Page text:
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The Boone County Health Department facility, located in Danville is pictured. On Thursday morning, Boone County Health Department Administrator Julie Miller spoke about the mix-up of Boone County receiving Regeneron antibody product instead of the Moderna vaccine for COVID-19.

DANVILLE — The West Virginia National Guard says an error on Dec. 30 that resulted in 42 people in Boone County receiving Regeneron antibody product instead of the Moderna vaccine for COVID-19 will not harm the patients, but provides an important opportunity to the guard to review and improve its vaccine distribution protocols.

According to a press release from the guard, all individuals who received the antibody have been contacted or are in the process of being contacted, and the West Virginia Division of Health and Human Resources will also follow up regularly with all individuals who received the antibody as an added precaution. These individuals will be offered the vaccine as soon as possible with a priority status.

Boone County Health Department Administrator Julie Miller spoke about the mix-up on Thursday morning.

“We picked up the vaccines just like we were supposed to at the hub (in Charleston),” she said. “We signed the chain of custody, all the numbers matched and we brought it back and if you looked at the bottle, they don’t give you a lot of information on it. We gave what we thought was the vaccine and it ended up being the antibody. It isn’t going to hurt anyone and they will be offered the vaccine today but not through the health department.”

Miller said they were given five vials that ended up being about 50 doses.

“We administered 42 before we got a call from the (West Virginia) National Guard. We had people lined up for it before it arrived because Gov. Justice said it would be available,” she added.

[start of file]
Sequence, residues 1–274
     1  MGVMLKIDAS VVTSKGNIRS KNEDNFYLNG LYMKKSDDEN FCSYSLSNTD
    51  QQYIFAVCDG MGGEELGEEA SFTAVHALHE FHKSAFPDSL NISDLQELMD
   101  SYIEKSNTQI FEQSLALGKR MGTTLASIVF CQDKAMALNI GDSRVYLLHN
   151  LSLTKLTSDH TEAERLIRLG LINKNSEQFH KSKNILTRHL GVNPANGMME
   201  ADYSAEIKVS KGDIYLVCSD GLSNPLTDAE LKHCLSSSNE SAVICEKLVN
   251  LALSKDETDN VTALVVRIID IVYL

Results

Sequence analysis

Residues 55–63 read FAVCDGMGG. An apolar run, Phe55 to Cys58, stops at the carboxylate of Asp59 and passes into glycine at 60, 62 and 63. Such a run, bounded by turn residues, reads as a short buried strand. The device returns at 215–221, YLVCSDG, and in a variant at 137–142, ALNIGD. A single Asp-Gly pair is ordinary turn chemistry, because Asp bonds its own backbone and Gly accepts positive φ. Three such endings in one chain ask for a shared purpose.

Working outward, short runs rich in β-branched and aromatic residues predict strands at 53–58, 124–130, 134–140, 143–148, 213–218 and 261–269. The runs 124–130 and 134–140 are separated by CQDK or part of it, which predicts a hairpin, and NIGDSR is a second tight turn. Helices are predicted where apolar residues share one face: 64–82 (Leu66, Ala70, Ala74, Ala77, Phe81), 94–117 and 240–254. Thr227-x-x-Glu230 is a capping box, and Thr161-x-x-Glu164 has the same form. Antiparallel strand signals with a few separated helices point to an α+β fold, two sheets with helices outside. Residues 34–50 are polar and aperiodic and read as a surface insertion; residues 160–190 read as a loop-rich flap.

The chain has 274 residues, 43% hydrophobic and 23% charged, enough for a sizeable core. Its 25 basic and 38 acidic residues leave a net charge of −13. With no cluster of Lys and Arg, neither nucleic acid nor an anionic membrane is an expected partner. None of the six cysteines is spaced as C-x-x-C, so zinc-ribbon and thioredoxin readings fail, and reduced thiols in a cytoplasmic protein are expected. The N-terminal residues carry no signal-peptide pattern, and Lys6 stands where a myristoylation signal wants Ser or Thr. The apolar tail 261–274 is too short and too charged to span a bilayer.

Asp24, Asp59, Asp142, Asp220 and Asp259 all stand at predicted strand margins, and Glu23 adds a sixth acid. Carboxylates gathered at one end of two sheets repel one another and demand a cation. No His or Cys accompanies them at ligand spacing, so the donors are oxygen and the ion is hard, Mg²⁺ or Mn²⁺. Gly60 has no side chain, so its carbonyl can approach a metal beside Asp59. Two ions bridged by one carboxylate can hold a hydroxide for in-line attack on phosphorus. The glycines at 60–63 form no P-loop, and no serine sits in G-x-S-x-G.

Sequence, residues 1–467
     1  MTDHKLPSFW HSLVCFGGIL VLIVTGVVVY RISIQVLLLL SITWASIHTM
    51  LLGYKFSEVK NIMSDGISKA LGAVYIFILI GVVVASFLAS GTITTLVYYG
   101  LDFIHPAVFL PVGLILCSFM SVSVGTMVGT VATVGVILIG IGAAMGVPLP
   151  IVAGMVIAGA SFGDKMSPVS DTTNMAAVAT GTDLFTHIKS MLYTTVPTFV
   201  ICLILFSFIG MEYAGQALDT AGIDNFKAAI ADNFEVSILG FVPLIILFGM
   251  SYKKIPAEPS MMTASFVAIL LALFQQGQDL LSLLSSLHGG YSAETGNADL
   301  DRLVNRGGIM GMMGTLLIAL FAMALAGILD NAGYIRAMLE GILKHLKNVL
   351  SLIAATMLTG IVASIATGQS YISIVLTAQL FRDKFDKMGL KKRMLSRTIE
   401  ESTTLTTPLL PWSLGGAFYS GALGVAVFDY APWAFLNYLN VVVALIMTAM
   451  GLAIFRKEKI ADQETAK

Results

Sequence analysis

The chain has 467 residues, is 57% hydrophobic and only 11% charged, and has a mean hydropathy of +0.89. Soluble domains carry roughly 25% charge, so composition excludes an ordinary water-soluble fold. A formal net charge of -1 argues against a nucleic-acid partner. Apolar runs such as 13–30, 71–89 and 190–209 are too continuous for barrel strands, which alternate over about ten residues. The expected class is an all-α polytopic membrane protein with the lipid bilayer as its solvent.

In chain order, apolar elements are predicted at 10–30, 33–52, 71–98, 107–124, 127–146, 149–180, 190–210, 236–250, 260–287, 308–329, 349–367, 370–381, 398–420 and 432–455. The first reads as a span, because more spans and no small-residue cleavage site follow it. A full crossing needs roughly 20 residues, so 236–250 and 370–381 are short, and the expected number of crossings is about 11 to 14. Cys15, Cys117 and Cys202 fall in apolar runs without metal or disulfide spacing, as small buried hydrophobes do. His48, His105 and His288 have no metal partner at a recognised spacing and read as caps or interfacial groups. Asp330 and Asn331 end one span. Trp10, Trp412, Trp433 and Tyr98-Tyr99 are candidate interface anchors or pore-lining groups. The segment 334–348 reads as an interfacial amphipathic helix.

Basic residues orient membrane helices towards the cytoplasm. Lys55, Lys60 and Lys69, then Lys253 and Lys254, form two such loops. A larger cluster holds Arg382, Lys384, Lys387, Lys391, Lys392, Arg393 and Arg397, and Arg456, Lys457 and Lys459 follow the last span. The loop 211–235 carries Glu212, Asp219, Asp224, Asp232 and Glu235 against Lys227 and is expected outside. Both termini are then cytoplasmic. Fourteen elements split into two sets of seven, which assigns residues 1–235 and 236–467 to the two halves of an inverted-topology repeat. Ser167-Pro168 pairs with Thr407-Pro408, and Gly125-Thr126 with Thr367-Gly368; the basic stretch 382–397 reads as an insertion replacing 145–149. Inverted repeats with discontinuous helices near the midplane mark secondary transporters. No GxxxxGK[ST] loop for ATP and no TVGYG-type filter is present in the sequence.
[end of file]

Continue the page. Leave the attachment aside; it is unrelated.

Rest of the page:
West Virginia’s COVID-19 czar spoke about the mix-up via a press release.

“The product administered are antibodies that fight COVID-19,” said Dr. Clay Marsh. “In fact, this product was the same one that was administered to President Trump when he became infected. While this injection is not harmful, it was substituted for the vaccine. But this occurrence provides our leadership team an important opportunity to review and improve the safety and process of vaccination for each West Virginian.”

Miller said labeling was an issue from her perspective.

“It is labeled in a very different way and when we got our chain of custody paper, it said ‘Moderna COVID-19 vaccine’ and the lot numbers and everything matched,” she said.

The national guard said it took immediate action after learning of the mistake.

“The moment that we were notified of what happened, we acted right away to correct it, and we immediately reviewed and strengthened our protocols to enhance our distribution process to prevent this from happening again,” said Maj. Gen. James Hoyer, adjutant general of the West Virginia National Guard, via press release. “I remain incredibly proud of all that our team has accomplished. Our No. 1 goal has been to save lives, and, as we continue to ramp up distribution of the vaccine all across the state, we continue to save more and more lives every single day.”

Reporter Phil Perry can be reached at pperry @hdmediallc.com or at 304-307-2401.

Reporter Phil Perry can be reached at pperry@hdmediallc.com or at 304-307-2401.